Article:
2. Drizzle Over Veggies: Toss your favorite keto-friendly veggies in pumpkin seed oil before roasting them for a delicious and healthy side dish. It imparts a unique, nutty flavor that pairs well with a variety of vegetables.
  3. Keto Pesto: Upgrade your traditional pesto by using pumpkin seed oil instead of olive oil. Its rich, intense flavor lends a unique twist to the classic recipe. Enjoy this pesto with zucchini noodles or a piece of grilled chicken for a satisfying keto meal.
  4. Smoothies: For an extra dose of healthy fats, add a tablespoon of pumpkin seed oil to your morning smoothie. It won't alter the taste, but it will enhance the nutritional profile.
  5. Pumpkin Seed Oil Butter: If you're a fan of nut butter, why not try making pumpkin seed oil butter? Simply blend toasted pumpkin seeds with pumpkin seed oil until smooth. You can spread it on keto bread or use it as a dip for your veggies.

Remember, while pumpkin seed oil is a healthy addition to your diet, it's not suitable for high-heat cooking methods like frying or sauteing, as it can lose its nutritional properties. Instead, use it in cold dishes or add it to cooked meals just before serving.

Keto-Compatible Alternatives for Pumpkin Seed Oil

While pumpkin seed oil is a fantastic keto-friendly option, it's always good to have some alternatives on hand for variety in your meal plan. Here are a few other oils that are excellent for a ketogenic diet:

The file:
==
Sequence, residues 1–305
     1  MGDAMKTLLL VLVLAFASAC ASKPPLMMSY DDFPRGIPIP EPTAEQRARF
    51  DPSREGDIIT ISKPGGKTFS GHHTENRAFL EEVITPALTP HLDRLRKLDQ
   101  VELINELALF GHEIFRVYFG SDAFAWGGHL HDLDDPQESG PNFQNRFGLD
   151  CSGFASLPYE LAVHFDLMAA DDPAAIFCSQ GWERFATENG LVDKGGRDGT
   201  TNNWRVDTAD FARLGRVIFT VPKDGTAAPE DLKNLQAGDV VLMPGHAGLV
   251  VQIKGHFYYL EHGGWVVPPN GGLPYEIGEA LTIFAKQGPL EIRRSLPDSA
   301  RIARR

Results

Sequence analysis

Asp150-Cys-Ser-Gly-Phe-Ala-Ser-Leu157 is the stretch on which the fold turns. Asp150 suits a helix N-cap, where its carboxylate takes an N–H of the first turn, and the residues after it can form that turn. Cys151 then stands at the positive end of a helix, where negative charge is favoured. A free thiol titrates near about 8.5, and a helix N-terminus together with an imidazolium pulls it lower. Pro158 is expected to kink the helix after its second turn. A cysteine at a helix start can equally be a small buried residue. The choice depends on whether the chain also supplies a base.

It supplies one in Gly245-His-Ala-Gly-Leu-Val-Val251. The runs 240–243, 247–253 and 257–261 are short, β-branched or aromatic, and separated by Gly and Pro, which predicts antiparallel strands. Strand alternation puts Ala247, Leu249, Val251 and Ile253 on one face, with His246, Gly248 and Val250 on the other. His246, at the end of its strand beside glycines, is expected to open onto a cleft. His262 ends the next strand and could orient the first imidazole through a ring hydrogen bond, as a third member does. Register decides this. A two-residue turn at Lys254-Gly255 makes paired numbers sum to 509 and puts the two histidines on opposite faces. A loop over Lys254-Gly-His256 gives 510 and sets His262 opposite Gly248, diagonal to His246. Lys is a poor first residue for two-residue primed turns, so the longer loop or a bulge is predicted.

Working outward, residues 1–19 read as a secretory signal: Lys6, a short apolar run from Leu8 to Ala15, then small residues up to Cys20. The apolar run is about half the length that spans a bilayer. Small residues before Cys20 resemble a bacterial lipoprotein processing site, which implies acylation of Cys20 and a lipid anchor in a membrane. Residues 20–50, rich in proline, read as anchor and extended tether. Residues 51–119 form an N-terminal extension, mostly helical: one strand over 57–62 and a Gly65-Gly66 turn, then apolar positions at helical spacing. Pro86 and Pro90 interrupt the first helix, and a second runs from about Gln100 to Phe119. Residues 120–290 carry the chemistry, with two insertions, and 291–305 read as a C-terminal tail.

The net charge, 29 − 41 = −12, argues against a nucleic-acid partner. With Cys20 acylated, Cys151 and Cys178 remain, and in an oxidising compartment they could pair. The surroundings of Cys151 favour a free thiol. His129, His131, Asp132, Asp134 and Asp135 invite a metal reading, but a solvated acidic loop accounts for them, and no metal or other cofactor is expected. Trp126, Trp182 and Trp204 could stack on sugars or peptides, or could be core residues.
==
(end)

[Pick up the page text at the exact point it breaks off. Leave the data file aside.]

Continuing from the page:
1. Olive Oil: A staple of the Mediterranean diet, olive oil is high in monounsaturated fats and is carb-free, just like pumpkin seed oil. It's great for drizzling over salads or using in cold dishes. However, although it's suitable for low-heat cooking, it's not the best choice for high-heat methods like frying due to its lower smoke point.
  2. Avocado Oil: This oil is high in heart-healthy monounsaturated fats and also contains zero carbs. It has a mild flavor that can blend into many dishes without overpowering other tastes. Its high smoke point makes it perfect for high-heat cooking methods unlike pumpkin seed oil.
  3. Coconut Oil: Known for its rich content of medium-chain triglycerides (MCTs), coconut oil is a favorite among many keto dieters. It is carb-free and adds a slight tropical flavor to dishes. It's great for baking, sautéing, and even in your morning coffee for a keto-friendly fat boost.
  4. Macadamia Nut Oil: This oil is high in monounsaturated fats and has zero carbs. It has a slightly sweet, nutty flavor that works well in both sweet and savory dishes. Like pumpkin seed oil, it's not suitable for high-heat cooking but is wonderful in cold dishes or drizzled over cooked meals.